No. 8 – Men’s hoops, football pull off upsets at Oregon

    Men’s basketball and football picked a strange place for arguably their biggest victories of the season: road wins at raucous Oregon.

    The football team became bowl-eligible for the first time since 1998 with a 37-10 thrashing of the Ducks at Autzen Stadium after a career day by running back Chris Henry. The win gave Arizona its first three-game winning streak since the start of the 2001 season and marked the biggest margin of victory on the road since 1993. It was also the team’s first win at Oregon since 1986.

    For men’s basketball, the victory was alarming in that Arizona made clutch plays down the stretch to win the type of game it lost all season, taking a three-point victory after winning no game to that point by less than six. The Wildcats were led by Chase Budinger’s 30-point effort, and Ivan Radenovic hit the game-winner.

    No. 9 – Chris Henry drafted in second round

    Chris Henry did what?

    That was the consensus after the running back bolted for the NFL after just one outstanding game in his three-year career as a Wildcat (191 yards and three touchdowns at Oregon in November). Many questioned his timing, considering that Arizona would be installing a pass-happy offensive system that would play to his pass-catching strength.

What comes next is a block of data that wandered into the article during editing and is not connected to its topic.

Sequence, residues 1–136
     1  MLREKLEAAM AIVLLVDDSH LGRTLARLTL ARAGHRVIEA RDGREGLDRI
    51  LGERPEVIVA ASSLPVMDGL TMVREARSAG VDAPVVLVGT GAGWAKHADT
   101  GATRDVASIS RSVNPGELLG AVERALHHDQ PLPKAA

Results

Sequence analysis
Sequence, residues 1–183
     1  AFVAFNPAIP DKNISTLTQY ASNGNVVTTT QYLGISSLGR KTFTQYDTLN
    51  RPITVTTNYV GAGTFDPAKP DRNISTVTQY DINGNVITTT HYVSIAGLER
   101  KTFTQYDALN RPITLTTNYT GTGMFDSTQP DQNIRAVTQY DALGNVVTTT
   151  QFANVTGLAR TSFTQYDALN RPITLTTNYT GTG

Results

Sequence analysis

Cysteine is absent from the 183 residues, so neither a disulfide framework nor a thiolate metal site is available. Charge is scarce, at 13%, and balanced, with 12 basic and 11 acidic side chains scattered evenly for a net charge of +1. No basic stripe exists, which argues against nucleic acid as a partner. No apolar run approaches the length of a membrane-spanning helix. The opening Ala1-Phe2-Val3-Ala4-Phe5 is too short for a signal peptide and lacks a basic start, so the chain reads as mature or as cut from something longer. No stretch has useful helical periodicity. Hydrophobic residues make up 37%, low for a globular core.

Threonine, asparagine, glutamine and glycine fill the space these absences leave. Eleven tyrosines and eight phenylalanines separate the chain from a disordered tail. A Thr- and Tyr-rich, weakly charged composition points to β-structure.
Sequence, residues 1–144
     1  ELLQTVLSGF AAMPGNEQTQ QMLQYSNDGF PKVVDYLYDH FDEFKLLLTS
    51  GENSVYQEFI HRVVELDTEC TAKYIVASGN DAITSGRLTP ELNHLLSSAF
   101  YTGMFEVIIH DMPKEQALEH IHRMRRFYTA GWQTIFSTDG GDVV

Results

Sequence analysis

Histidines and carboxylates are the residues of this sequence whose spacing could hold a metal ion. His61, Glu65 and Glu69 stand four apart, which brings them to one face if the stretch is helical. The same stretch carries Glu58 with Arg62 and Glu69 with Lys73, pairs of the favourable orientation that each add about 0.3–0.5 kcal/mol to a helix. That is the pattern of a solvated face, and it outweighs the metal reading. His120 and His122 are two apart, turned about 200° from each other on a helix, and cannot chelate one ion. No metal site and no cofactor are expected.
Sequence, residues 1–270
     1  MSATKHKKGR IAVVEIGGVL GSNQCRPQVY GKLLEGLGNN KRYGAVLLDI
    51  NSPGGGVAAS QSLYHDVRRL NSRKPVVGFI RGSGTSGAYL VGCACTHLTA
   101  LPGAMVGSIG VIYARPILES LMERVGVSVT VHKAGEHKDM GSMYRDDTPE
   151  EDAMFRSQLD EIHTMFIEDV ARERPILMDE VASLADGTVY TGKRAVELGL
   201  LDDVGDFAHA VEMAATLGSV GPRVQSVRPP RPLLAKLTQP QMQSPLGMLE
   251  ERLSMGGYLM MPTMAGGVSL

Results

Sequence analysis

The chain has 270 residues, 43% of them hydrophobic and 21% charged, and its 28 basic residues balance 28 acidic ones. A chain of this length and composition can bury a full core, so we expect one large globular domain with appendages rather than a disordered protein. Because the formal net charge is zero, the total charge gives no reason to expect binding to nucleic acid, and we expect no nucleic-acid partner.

Then, his stock just wouldn’t stop rising.

    Henry, arguably the surprise prospect of the draft’s early workout stages, blew scouts away during the NFL Scouting Combine by running a 4.40 40-yard dash, tied for first among prospective running backs with Oklahoma’s Adrian Peterson, who became the No. 7 overall pick.

    But when the NFL Draft rolled around a few weeks ago, few had him going before the third round, even with his impressive workout. had him going No. 97 overall to San Francisco.

    Henry ended up going to the Titans with the 18th pick in the second round, No. 50 overall, proving his critics wrong.

    No. 10 – Lowe steals her way into record books

    Whenever UA center fielder Caitlin Lowe singles, it’s oftentimes more like a double with her speed to seemingly steal bases at will.

    In a year in which she has stolen a conference-leading 44 bases in 44 attempts, Lowe etched her name into the record books April 27 by stealing her 149th career base, passing Alison McCutcheon in Arizona annals. Lowe, the definition of an Arizona leadoff hitter over her career, has hit over .400 each of four years, supplying herself with a number of opportunities to steal bases.

    – compiled by assistant sports editors Ryan Casey and Michael Schwartz

    More to Discover
    Activate Search